Malachi, then the words from Isaiah in Luke, repeats the imagery of a messenger coming, of preparation for a new way. This strand of prophetic voice, the threat and promise of a fundamental inversion of our landscape, these images are stored in me. I’ve heard them so often they’re like memories, they’re known, if mostly unexamined. The words spoken are of how things shall be. They’re not written as an invitation to participate. It’s more as if we’re being told, being warned of a fundamental rift, shift in the status quo after which things will align.


The voice crying out in the wilderness declares things are going to be other than the way they are. High places shall be levelled, deep places raised, crooked straightened, rough smoothed. The voice from the wilderness spoke this way into that day. The voice of the wilderness crying out in our day echoes same warning. The boundaries between water and land are moving, the effect of climate change, valleys will indeed be filled and hills thus levelled. Certainly we have to align ourselves differently. 


Preparing the way of the Lord involves smoothing, straightening and evening out of that which disrupts, erupts, roughens or chafes. Smooth evenness precedes the way of the Lord. Surely we yearn for this, desire that which shall come to pass. Yet my enthusiasm’s a little muted as I imagine the making real of such imagery. I can’t help but wonder if it’d be a bit boring, a lovely but bland sameness landscape.Yes, I know I need to be careful not to be too literal. I confess to also have an issue with the ideal of heavenly bliss. Maybe it’s because I’m familiar with a world of discord and dissatisfaction. A world disrupted, roughened and chafed for sure. But the competing, claiming clamour of daily survival also energises and enlivens. It causes us to question, to desire to engage and participate to bring change that is life bringing. In a strange way the discord of the world generates a friction to strive against. Our world is far from an ideal evenness but in it you know you’re alive!! I wonder how much we yearn for, want to live in a world of straight, level, smoothed ideal.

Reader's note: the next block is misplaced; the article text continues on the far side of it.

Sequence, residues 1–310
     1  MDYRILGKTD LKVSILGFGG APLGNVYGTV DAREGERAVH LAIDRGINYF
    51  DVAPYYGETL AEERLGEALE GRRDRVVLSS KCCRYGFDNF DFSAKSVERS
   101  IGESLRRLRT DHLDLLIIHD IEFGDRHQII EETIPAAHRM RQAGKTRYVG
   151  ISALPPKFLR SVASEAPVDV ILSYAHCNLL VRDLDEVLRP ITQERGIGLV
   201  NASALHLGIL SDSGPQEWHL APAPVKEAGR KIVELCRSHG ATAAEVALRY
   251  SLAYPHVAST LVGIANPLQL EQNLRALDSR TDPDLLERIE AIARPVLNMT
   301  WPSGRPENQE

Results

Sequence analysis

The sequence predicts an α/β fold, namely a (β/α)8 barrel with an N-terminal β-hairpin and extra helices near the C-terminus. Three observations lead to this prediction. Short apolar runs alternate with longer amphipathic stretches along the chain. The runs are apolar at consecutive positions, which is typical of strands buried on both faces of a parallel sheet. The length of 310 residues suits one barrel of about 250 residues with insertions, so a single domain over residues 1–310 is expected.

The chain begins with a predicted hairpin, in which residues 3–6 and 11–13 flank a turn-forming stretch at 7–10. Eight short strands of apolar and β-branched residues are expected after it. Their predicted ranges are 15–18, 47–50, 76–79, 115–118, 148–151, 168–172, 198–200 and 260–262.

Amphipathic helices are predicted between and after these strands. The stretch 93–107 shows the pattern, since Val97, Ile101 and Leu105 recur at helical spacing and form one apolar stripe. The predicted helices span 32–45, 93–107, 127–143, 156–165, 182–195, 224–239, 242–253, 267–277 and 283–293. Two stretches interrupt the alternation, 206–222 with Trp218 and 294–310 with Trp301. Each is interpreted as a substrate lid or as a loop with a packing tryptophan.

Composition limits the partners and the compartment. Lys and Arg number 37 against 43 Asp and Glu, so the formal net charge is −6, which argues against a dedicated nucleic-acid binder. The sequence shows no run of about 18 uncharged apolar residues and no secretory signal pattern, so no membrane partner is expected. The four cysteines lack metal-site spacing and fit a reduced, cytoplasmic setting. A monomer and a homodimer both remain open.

Consider the crowds that come to John in today’s gospel. John’s portrayed as a loner, a somewhat rogue character, even if the hand of the Lord is with him. Today’s gospel has John haranguing the crowds. John doesn’t woo them, or bestow reassurance. “Who warned you to flee the wrath that is to come?” Even sothe crowds flock to him. What or, maybe who is it that sent them? What are the crowds restless for? Those who John accuses and convicts of their shortcomings, do they recognise something in John? Something’s stirred in them, they desire to be different, to change. To those coming, familiar with the paths of God, John warns, don’t come thinking you know how it is, don’t come thinking what you know will keep you safe. Your status as a child of Abraham is known as you fulfil your potential and promise to bear good fruit. Being a child of Abraham’s a verb not a noun, revealed through living in a way that brings God’s ways of justice and righteousness to life.We might find ourselves like warned. It’s not sufficient to rest on the laurels of religious tradition if it echoes emptily to serve its own ends.


The crowds who’ve come to repent, be turned, baptised plead, “What then should we do?” “Share,” that’s the verb given to the crowds. The verb for the tax collectors, “Collect no more than the amount prescribed” and for the soldiers, “do not extort, be satisfied with your wages.” It’s not complicated, no one’s asked to give up their day job. They’re told to be fair handed in their dealing, to be straight forward, transparent and honest. It’s as if they, like us, already know how to live rightly, righteously and equally how often we choose otherwise. Prepare for the day of the Lord, is it still to come? Might it come each time we choose to raise up one bowed down. Each time we choose to speak truth to power, relieve the isolation of those in high office and be reminded of our mutual responsibility for care. Each time we heed the cry of the wilderness, open hearts and minds to learn and willing hands to enact a way of being well together.